Slippedisc daily comfort zone (78): Argerich plays…. Wagner

Slippedisc daily comfort zone (78): Argerich plays…. Wagner

Daily Comfort Zone

norman lebrecht

July 17, 2021

Believe it.

With Barenboim.

Astonishing tenderness and dramatic power.


  • Nijinsky says:

    Sounds like a silent movie accompaniment.

    Where’s the movie to go with it?

    My Grandmother, God bless her soul, told me that as a youngster she and a friend went to a silent movie, with piano accompaniment. And they had to laugh at the pianist, working so hard stirring up the drama.

    • Nijinsky says:

      All these down votes are making me laugh, by the way. Not that I’m waiting for an opera director to create a new version, all in black and white, with a COMPLETE two piano reduction as accompaniment to the WHOLE opera. But someone could actually use the version as accompaniment to an old silent film plot, and be free to make it up themselves.

      As if this is not allowed, and to be voted down, when even suggested.

      • Orcale of Selfy says:

        Wagner doesn’t inspire a sense of humour. Mozart once remarked that Wagner’s music is like erectile dysfunction, thr angry dullness & obstreperous elation of vetus priapus.

        • Curt Kuhns says:

          Interesting how Mozart, who died in 1791 could have such clear insight into Wagner’s music, who wasn’t born until 1813.

        • Nijinsky says:

          I do remember somewhat that what Mozart said was regarding the harmonies, and how Faure should be played more, not having the indigestion of Wagner…. (nor of Brahms, come to think of it)

      • Nijinsky says:

        That’s a misquote. What Mozart said was that he liked Faure better, or that Faure was a better composer (I don’t remember exactly, it was awhile ago) because it (Faure) didn’t have all of the indigestion.

  • Nijinsky says:

    I hadn’t listened to the whole thing yet, and yes there is tenderness at the end. The beginning made me think of a standard silent movie with the forlorn lady, chased by the evil man in a cape, and then the hero…

    I don’t know about the old adage that Wagner’s music is better than it sounds, hopefully it’s better than it starts…. [off]

  • Jan Kaznowski says:

    She plays so much better than he does

  • Henry williams says:

    Great playing

  • Petronius says:

    So much passion into so little substance. Wagner is the father of pop music.

  • Richard Wagner says:

    Why not?

  • Y says:

    I always love to hear piano reductions of densely orchestrated music. They sound so different, and you can often hear harmonies and other details that are otherwise half-buried in the orchestral fog.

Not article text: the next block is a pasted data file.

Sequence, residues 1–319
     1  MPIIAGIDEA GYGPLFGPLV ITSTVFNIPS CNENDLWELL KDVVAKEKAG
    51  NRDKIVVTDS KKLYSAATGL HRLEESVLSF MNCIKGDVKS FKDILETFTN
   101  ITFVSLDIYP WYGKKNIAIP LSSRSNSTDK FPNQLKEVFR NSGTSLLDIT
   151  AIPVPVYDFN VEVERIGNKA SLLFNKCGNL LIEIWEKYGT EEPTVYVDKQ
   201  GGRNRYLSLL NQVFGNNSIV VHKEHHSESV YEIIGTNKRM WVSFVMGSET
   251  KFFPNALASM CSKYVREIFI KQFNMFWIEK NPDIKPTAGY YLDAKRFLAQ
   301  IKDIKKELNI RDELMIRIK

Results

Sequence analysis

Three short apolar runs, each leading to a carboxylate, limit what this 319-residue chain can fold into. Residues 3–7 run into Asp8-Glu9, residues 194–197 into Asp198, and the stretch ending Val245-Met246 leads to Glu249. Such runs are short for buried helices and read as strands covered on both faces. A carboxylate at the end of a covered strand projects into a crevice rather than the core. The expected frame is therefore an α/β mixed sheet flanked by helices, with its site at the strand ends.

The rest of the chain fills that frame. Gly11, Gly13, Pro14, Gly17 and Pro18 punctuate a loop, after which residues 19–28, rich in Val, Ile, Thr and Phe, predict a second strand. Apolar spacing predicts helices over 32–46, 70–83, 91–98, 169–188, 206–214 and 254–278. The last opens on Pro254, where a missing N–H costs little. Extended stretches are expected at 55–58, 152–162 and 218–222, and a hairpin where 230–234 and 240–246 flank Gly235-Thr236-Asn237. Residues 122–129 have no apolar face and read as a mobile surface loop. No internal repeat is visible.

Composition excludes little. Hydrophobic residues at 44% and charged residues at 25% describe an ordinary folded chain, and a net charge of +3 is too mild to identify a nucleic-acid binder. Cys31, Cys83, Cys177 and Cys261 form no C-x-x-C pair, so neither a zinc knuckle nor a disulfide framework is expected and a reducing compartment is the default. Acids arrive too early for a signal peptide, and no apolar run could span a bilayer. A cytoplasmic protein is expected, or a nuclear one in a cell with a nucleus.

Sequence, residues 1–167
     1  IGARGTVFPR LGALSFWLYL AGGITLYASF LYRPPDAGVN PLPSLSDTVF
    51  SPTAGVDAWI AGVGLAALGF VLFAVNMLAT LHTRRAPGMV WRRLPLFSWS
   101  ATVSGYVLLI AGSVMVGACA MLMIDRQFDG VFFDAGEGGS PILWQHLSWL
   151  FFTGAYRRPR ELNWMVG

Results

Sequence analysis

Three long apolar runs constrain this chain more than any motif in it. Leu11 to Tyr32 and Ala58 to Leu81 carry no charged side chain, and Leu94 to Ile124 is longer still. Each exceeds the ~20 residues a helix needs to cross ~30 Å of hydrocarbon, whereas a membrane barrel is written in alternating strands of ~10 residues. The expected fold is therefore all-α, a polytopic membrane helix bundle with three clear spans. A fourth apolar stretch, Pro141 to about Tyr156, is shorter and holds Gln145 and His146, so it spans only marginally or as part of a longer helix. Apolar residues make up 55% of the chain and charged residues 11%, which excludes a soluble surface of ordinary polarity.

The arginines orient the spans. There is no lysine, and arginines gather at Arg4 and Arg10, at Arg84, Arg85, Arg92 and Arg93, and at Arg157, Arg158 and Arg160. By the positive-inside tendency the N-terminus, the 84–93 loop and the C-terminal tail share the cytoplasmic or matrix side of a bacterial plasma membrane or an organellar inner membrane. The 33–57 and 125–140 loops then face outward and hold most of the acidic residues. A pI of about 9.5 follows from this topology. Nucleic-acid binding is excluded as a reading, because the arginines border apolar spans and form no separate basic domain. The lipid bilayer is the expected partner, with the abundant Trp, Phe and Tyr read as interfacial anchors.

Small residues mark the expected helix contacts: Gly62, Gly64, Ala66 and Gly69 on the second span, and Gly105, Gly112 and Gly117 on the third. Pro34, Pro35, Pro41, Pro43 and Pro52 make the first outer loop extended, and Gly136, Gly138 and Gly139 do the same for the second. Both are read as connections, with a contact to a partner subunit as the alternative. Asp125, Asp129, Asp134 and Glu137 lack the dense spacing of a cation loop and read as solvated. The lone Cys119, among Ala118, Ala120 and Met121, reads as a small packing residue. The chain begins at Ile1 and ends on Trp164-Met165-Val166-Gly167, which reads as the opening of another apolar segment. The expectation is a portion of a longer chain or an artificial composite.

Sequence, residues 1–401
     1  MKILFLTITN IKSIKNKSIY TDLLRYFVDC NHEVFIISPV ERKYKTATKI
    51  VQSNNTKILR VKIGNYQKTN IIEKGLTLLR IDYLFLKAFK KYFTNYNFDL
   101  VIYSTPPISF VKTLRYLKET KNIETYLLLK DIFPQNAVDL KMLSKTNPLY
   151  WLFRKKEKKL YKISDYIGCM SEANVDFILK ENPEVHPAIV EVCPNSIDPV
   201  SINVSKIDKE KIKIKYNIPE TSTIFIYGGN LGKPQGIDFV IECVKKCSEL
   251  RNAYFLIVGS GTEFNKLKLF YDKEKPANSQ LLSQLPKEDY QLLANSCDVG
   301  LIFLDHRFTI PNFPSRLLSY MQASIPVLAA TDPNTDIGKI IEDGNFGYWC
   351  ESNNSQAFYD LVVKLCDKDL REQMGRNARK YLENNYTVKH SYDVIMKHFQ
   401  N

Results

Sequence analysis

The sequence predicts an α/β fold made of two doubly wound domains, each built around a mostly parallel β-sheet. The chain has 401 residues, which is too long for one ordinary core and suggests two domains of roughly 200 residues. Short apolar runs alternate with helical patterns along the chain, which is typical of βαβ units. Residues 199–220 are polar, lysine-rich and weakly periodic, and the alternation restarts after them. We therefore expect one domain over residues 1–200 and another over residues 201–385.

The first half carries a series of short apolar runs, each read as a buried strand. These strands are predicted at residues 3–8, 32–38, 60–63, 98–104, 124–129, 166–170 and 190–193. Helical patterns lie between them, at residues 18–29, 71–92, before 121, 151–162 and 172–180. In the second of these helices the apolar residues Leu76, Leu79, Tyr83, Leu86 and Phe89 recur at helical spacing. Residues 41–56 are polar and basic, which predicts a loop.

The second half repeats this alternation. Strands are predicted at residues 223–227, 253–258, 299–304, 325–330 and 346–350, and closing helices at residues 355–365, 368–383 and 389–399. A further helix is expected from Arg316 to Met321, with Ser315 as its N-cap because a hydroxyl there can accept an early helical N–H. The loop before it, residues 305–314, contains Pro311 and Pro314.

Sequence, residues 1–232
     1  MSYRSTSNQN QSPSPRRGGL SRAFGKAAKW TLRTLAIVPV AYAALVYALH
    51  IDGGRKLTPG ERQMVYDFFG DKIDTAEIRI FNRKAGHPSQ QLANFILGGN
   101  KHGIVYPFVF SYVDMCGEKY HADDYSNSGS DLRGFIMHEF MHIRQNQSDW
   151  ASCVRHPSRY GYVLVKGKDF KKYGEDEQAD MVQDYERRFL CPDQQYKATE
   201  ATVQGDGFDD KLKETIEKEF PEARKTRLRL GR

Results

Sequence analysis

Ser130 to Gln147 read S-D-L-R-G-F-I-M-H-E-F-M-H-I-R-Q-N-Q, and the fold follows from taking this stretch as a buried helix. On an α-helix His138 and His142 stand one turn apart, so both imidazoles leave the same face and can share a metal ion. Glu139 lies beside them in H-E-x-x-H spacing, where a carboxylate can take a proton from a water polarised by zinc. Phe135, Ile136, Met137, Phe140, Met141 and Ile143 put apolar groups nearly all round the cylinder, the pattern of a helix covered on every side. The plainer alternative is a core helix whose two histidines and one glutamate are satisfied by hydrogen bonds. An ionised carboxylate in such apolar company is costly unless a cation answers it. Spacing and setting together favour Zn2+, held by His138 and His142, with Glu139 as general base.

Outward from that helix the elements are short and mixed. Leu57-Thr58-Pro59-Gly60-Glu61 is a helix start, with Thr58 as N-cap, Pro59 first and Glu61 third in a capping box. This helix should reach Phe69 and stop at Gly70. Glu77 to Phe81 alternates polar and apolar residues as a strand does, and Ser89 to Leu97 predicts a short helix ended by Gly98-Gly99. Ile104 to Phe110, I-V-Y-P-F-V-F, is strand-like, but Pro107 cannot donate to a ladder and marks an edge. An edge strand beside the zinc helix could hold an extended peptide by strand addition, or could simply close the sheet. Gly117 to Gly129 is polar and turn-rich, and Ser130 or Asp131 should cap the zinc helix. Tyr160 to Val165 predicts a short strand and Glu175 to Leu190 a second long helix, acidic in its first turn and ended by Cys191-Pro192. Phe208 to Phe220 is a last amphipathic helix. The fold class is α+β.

The overture to Die Meistersinger is a great example of this. Glenn Gould arranged it for solo piano, and wow is it a different experience!

  • Y says:

    Glad to see they played the Tristan Schluss ending, which is much better than the original. I’m always left feeling cold and empty by Hollander performances that use the original ending, which is about as musically fulfilling as the sound of the auditorium doors slamming shut. The revised ending is what makes the whole experience worthwhile and what elevates the opera to the numinous, rather than the merely spectacular.

  • Micaelo Cassetti says:

    I like Wagner, but I think here that the art of the arranger may even exceed that of the composer…

  • Peter San Diego says:

    Did I understand Barenboim to say that the transcription is by Debussy? It’s marvelous.

    • David K. Nelson says:

      Yes Debussy did make such an arrangement, and arranged other composer’s music for two pianos as well (Schumann and Camille Saint-Saëns among them). Certainly later in life he expressed distaste for Wagner (famously stating that Wagner’s music was a sunset mistaken for a dawn), but earlier he had expressed considerable enthusiasm for Wagner, particular Tristan.

  • fflambeau says:

    Sorry, but Wagner demands a full, very full, orchestra. This is good but not up to the orchestra.

  • Tony says:

    Last of the Summer Wine.
    Disappointing after the build-up.
    Daniel sounds burnt out to my ears.
    They must have had fun performing it, but it is one-dimensional and dull.

  • Kurt Kaufman says:

    Exciting playing. I enjoy listening to orchestral transcriptions for piano solo or two players, but I find a little goes a long way: the frequent use of tremolo becomes fatiguing to my ears.

  • Marfisa says:

    It is worth remembering the reason for piano transcriptions of orchestral works, before the recording industry got going. Many people had pianos in their homes, with at least one or two family members who could play. How else could they hear and get to know the music? Even if they lived in big cities with symphony orchestras, experiencing and becoming familiar with a wide repertory was not easy. (In fact, since my parents weren’t into classical music, my first experience of Beethoven’s symphonies was sight-reading a piano duet version with a school-friend.)